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Czech Republic

All "facts" are how things seemed to me at the time.

Shooting clubs in Brno, Czech Republic

At the request of my travelling companion and mate (John), during this trip I visited a gun club in the city of Brno in the Czech Republic. The club only opens at 5pm so we first went for some steak and beer (of which I was beginning to finally get a taste for) beforehand. The Starobrno beer is recommended, and the restaurants in Brno are much cheaper than those in Prague. Anyway, we waited outside the door which seems to be located in the basement of another building. There were a couple of Czech guys there too. I had no idea how much it was going to be, nor if they spoke English or even would let us shoot. I hoped my 300 or so words of Czech would be enough to get by as it was in the restaurant. So, they guy opens the door and lets us all in without a word. Then he locks the door behind us. We go down a corridor to another locked door. This is opened, we pass through and again it is locked behind us. it seems like this happens many times, which is quite alarming. Eventually we end up in a room which looks a lot like a bar, not knowing what might happen. Another guy greets us there and to great relief and suprise, he speaks fluent English. I tried some of my Czech on him anyway just so he didn't think I was some totally brainless tourist. The requirements for being allowed to shot are only based around age and having the correct ID with you either in the form of identity card, Passport or driving licence. Don't forget to take one of these if you go. After passing this, we are taken into a gun storage room. This explains all the locked doors are there is a wide selection of pistols all neatly laid out on tables for us to handle and examine. Each pistol lies next to it's manufacturer's box and the guy explains to us both what each pistol is along with it's good and bad points. There was so much choice that I decided upon the heavy pistol used by the Czech police force. This gun was also manufactured in the Czech republic, which has a long history of arms manufacture. John asked the guy if they had a Glock, as we'd not seen one in the collection. The guy went away and came shortly came back brandishing a Glock. The Glock is a very light pistol, the opposite to the one I had chosen. We go back the bar with our guns and are given head phones. A split second before I get them on my head the door to the firing range is opened and there an unbelieveable bang from one of the guns being already used there. I got the headphones in record time after that.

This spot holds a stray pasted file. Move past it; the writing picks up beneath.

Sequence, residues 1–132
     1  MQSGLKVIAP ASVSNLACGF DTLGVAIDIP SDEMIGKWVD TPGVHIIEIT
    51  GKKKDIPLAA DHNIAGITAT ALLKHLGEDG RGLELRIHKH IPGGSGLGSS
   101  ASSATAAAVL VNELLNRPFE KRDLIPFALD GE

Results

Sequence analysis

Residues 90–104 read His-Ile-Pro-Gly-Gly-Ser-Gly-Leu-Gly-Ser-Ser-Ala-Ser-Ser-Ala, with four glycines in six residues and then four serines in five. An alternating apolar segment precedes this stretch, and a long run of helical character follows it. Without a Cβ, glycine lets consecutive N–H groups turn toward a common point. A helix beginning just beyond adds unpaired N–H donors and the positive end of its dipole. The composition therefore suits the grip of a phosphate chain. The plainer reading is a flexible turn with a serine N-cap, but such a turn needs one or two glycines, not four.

Into the firing range